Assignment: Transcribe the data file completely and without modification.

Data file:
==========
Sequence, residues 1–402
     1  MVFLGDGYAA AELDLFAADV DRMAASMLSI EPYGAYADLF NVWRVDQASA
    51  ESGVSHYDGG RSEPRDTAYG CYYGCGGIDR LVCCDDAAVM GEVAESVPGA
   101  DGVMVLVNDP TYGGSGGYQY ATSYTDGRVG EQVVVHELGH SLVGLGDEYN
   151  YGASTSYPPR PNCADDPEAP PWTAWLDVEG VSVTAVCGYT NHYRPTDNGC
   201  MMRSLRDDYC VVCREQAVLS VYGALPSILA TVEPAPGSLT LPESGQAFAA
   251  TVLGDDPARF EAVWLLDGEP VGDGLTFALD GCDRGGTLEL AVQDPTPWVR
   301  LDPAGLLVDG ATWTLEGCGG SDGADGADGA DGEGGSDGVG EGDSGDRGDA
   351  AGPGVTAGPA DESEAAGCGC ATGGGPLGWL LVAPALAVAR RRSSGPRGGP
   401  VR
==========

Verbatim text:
Sequence, residues 1–402
     1  MVFLGDGYAA AELDLFAADV DRMAASMLSI EPYGAYADLF NVWRVDQASA
    51  ESGVSHYDGG RSEPRDTAYG CYYGCGGIDR LVCCDDAAVM GEVAESVPGA
   101  DGVMVLVNDP TYGGSGGYQY ATSYTDGRVG EQVVVHELGH SLVGLGDEYN
   151  YGASTSYPPR PNCADDPEAP PWTAWLDVEG VSVTAVCGYT NHYRPTDNGC
   201  MMRSLRDDYC VVCREQAVLS VYGALPSILA TVEPAPGSLT LPESGQAFAA
   251  TVLGDDPARF EAVWLLDGEP VGDGLTFALD GCDRGGTLEL AVQDPTPWVR
   301  LDPAGLLVDG ATWTLEGCGG SDGADGADGA DGEGGSDGVG EGDSGDRGDA
   351  AGPGVTAGPA DESEAAGCGC ATGGGPLGWL LVAPALAVAR RRSSGPRGGP
   401  VR